Monday, May 16, 2016

A walk, some pot, & a mosque

Every year around the world people get together to explore their communities by taking part in Jane's Walks.  The Calgary Women's Centre asked if I'd be interested in taking photos of their feminist themed walk, held  Saturday, May 7th.  For sure, I said.  An added bonus, at City Hall, our last stop, we encountered a Global Marijuana March. Jane's Walk done, I followed the legalize marijuana protesters down Stephen Avenue. Up wind.  There was some blazing up and chanting "Free Pot Now!"  When I told a passerby what they were protesting she asked, "Isn't Trudeau making it legal next year?"  "Then I guess they'll be chanting 'pot for free'," I joked.

CWC Jane's Walk @ The Bow Building
CWC Jane's Walk @ the Glenbow Museum.  The young lady was concerned about a couple of really loud people on Stephen Avenue.
Global Marijuana March

A friend was invited to a free community brunch held Sunday, May 15 at a local mosque.  I told her she would have to tell me all about it. Instead she managed to get an invitation for me, as well.  When we entered the Calgary Islamic Centre we were asked if it would be okay to take our photos during the event.  I said sure, then asked if I could take photos in return.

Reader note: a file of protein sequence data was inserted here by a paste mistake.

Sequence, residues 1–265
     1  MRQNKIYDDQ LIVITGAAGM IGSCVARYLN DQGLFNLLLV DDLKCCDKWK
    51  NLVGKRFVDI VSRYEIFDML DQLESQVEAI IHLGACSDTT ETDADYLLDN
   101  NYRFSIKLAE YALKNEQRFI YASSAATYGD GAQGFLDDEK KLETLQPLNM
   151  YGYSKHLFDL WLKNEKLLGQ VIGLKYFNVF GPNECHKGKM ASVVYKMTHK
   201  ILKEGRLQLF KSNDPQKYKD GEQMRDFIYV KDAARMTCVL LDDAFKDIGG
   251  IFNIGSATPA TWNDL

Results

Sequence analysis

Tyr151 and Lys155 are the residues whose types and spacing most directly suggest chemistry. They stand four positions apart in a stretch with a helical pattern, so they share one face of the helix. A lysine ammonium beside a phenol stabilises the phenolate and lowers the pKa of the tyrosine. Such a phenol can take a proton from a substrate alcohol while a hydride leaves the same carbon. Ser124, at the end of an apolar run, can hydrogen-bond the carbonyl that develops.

Very, very friendly people. The food was good, light Mediterranean fare.  In the basement, tables were set up diner-style with the buffet of food lining a wall.  At other tables volunteers drew mehndi designs on our hands, demonstrated how to wear a hijab, wrote our names in Arabic, and handed out leaflets and copies of the Quran.  A mother of one of the mehndi artists, who did not look much older than her teenage daughter, sat with us and spoke about the mehndi she had done when she was married. Another young looking volunteer, a father of 4 children ranging from age 3 to 12, sat at our table and answered any questions we posed.

Later, up stairs, there was a lecture about Islam followed by a 45 minute Q&A.  The lecturer really, really loved to talk. His Q&A replies were usually 15 minutes each. The mosque itself was very understated, not much in the way of decoration, and functional. I counted four wall clocks, not including the digital board indicating the times for the day's five prayers.

The lecturer and his teacher. Behind them are boards indicating the times for the day's five prayers.
There was not much in the way of decoration in the mosque.


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